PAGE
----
Mon, 2006-06-26 11:43:17 - TCP packet - Source:x.x.x.x,1932 ,LAN - Destination:208.64.252.66,80[HTTP] ,WAN [Forward] - [Outbound Rule(3) not match]
Mon, 2006-06-26 11:43:17 - TCP packet - Source:x.x.x.x,1932 ,LAN - Destination:208.64.252.66,80[HTTP] ,WAN [Forward] - [Outbound Default rule match]
Mon, 2006-06-26 11:43:17 - TCP packet - Source:x.x.x.x,1933 ,LAN - Destination:208.64.252.66,80[HTTP] ,WAN [Forward] - [Outbound Rule(1) not match]
Mon, 2006-06-26 11:43:17 - TCP packet - Source:x.x.x.x,1933 ,LAN - Destination:208.64.252.66,80[HTTP] ,WAN [Forward] - [Outbound Rule(2) not match]
Mon, 2006-06-26 11:43:17 - TCP packet - Source:x.x.x.x,1933 ,LAN - Destination:208.64.252.66,80[HTTP] ,WAN [Forward] - [Outbound Rule(3) not match]
Mon, 2006-06-26 11:43:17 - TCP packet - Source:x.x.x.x,1933 ,LAN - Destination:208.64.252.66,80[HTTP] ,WAN [Forward] - [Outbound Default rule match]
Mon, 2006-06-26 11:43:17 - TCP packet - Source:x.x.x.x,1934 ,LAN - Destination:208.64.252.66,80[HTTP] ,WAN [Forward] - [Outbound Rule(1) not match]
Mon, 2006-06-26 11:43:17 - TCP packet - Source:x.x.x.x,1934 ,LAN - Destination:208.64.252.66,80[HTTP] ,WAN [Forward] - [Outbound Rule(2) not match]
Mon, 2006-06-26 11:43:17 - TCP packet - Source:x.x.x.x,1934 ,LAN - Destination:208.64.252.66,80[HTTP] ,WAN [Forward] - [Outbound Rule(3) not match]
Mon, 2006-06-26 11:43:17 - TCP packet - Source:x.x.x.x,1934 ,LAN - Destination:208.64.252.66,80[HTTP] ,WAN [Forward] - [Outbound Default rule match]
Mon, 2006-06-26 11:43:17 - TCP packet - Source:x.x.x.x,1935 ,LAN - Destination:208.64.252.66,80[HTTP] ,WAN [Forward] - [Outbound Rule(1) not match]
Mon, 2006-06-26 11:43:17 - TCP packet - Source:x.x.x.x,1935 ,LAN - Destination:208.64.252.66,80[HTTP] ,WAN [Forward] - [Outbound Rule(2) not match]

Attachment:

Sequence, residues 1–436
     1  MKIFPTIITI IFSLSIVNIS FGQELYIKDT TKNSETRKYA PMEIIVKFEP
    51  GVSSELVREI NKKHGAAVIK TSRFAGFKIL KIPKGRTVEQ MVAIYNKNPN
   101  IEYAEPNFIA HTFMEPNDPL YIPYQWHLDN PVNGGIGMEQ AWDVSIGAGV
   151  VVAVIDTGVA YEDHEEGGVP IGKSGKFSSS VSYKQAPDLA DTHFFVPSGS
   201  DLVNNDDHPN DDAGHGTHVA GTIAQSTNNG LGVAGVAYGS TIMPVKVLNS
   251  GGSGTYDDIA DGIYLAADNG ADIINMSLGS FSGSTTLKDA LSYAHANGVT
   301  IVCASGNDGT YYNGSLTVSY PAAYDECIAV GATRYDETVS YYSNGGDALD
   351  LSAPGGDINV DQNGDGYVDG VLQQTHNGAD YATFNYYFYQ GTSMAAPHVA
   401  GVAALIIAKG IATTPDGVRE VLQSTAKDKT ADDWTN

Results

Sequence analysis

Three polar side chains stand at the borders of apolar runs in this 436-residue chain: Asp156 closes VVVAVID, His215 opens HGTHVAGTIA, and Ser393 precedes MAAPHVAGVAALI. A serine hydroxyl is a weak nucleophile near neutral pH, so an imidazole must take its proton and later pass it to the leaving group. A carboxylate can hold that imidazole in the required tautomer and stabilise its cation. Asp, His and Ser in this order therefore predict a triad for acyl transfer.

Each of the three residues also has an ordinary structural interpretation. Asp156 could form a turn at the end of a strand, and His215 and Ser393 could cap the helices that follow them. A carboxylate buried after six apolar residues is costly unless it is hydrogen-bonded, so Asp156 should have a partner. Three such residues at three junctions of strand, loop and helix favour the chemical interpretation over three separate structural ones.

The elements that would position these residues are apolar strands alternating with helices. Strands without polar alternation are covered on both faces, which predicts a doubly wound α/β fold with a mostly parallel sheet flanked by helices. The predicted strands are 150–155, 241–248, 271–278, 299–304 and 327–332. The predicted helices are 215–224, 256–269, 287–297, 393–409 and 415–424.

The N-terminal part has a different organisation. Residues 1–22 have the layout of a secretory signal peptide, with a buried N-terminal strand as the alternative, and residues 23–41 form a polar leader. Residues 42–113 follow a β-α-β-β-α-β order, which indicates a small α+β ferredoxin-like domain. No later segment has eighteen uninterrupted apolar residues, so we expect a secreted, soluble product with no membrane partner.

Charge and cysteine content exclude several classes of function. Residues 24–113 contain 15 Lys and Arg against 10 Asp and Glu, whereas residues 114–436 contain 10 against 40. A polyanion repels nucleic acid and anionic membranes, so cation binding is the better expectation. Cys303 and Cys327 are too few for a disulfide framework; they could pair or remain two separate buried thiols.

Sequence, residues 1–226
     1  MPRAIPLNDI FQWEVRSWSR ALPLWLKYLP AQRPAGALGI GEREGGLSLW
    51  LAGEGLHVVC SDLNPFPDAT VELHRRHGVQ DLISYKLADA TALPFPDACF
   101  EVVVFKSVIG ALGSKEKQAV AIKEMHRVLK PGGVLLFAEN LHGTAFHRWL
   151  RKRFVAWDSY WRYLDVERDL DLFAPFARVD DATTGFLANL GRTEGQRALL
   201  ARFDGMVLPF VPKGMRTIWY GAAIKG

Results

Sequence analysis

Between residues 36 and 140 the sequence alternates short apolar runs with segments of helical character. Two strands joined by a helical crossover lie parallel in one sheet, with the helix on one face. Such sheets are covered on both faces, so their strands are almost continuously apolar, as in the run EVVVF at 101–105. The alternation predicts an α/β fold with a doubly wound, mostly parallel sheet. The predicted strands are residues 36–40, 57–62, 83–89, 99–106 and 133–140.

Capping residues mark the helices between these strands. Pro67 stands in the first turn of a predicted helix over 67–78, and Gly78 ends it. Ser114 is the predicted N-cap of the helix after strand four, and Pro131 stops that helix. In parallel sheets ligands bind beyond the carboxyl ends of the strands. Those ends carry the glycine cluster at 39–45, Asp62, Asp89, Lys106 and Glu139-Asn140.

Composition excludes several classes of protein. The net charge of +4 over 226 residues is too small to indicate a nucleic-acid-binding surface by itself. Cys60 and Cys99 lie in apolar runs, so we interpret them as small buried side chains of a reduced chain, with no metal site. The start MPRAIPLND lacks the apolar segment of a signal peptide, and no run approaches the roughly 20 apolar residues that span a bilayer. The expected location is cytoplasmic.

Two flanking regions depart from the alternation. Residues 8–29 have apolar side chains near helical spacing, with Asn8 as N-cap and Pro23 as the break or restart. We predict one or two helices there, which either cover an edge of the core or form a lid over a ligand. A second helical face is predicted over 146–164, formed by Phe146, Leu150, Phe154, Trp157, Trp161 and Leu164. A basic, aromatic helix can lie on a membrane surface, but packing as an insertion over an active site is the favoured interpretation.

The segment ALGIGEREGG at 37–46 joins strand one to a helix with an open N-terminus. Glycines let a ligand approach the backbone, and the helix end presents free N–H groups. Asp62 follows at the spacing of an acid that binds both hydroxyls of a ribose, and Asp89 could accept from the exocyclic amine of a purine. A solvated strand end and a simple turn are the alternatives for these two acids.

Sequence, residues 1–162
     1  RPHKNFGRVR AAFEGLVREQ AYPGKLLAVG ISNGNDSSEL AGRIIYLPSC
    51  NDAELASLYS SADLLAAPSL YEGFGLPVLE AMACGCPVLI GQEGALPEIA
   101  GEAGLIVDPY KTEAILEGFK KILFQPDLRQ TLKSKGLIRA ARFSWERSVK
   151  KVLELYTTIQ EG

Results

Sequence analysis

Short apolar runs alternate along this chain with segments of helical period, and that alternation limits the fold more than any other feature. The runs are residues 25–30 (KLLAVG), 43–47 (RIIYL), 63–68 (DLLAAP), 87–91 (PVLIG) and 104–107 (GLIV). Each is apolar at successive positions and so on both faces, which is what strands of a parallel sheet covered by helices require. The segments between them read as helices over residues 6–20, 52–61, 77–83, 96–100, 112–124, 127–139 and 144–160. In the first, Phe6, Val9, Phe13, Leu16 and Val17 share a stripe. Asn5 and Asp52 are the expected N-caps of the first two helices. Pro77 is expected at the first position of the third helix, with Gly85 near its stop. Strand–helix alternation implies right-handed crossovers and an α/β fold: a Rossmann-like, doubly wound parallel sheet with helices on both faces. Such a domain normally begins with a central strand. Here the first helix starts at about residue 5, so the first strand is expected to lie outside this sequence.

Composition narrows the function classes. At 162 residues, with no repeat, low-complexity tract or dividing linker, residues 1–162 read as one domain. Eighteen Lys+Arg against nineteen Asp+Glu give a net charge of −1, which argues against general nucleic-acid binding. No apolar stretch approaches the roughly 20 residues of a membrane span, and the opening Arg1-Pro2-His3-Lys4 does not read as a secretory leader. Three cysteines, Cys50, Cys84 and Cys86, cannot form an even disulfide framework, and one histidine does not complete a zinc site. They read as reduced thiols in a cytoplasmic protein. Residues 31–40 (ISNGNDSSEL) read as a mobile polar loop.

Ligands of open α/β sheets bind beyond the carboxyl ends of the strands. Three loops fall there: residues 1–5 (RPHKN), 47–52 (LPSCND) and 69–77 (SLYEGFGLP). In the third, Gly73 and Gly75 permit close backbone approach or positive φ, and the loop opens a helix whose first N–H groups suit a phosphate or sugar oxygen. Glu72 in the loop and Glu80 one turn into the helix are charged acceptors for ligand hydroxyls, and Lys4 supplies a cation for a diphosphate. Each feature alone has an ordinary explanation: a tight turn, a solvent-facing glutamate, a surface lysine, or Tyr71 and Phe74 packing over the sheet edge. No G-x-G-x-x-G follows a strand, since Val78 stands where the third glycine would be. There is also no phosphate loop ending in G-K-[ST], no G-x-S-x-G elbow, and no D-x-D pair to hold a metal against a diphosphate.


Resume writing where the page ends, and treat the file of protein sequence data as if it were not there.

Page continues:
Mon, 2006-06-26 11:43:17 - TCP packet - Source:x.x.x.x,1935 ,LAN - Destination:208.64.252.66,80[HTTP] ,WAN [Forward] - [Outbound Rule(3) not match]
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rsivanandanCommented:
Well, it is not an attack. The ip address 208.64.252.66 => SilverJewleryclub.com

If you look at the time stamp, it has done only twice by minute wise but many communication attempts in seconds. Just open this site in your browser and you can see that, this site keeps refreshing and hence the connection attempt.

I presume, somebody inside your network opened this page and minimized it, so it kept trying to refresh.

Cheers,
Rajesh
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npinfotechAuthor Commented:
I understand this, but why does it keep trying on different ports?  The number of tries per second is also troubling - the silverjewelry club updates ever 5 minutes or so.  Why so many attempts from an internal machine?
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rsivanandanConnect With a Mentor Commented:
You'll probably need to install Ethereal on your box and open a browser window to that site. Keep capturing for some time and then analyze what it is sending. That should give you a fair amount of idea.

Cheers,
Rajesh
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NetAdmin2436Connect With a Mentor Commented:
>>>Why does it keep trying on different ports?
It is using open windows ports to connect. Many programs use open ports incrimentally. The theory behind this is the program doesn't know excatly what ports are open and not being used by other programs on your network, so they keep trying different ports. This can look like a virus as viruses act like this, but in this case looks legit if indeed some user is going to silverjewleryclub. This is normal for webpages to try and update, especially if it contains dynamic content.
port 1-1024 are reserved.
Ports 1025-49151 are registered
ports 49152-65535 are private

http://www.iana.org/assignments/port-numbers

Hope this helps.
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npinfotechAuthor Commented:
Come ot think of it, could a faulty network card be the cause?  Could a network card just simply go haywire and make that many requests that quickly?
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prashsaxConnect With a Mentor Commented:
No, If a NIC goes bad, it can flood your network with ARP requests or ethernet frames.

Bad NIC cannot generate valid IP packets this qucikly.

It is most likely to be an application.



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npinfotechAuthor Commented:
The best answers were to run a software that monitors the connection (ethereal, sygate).  I gave more points to the sygate suggestion because it's a little easier to understand and read a personal firewall than an analyzer like ethereal.

Thanks to all who particiapted here!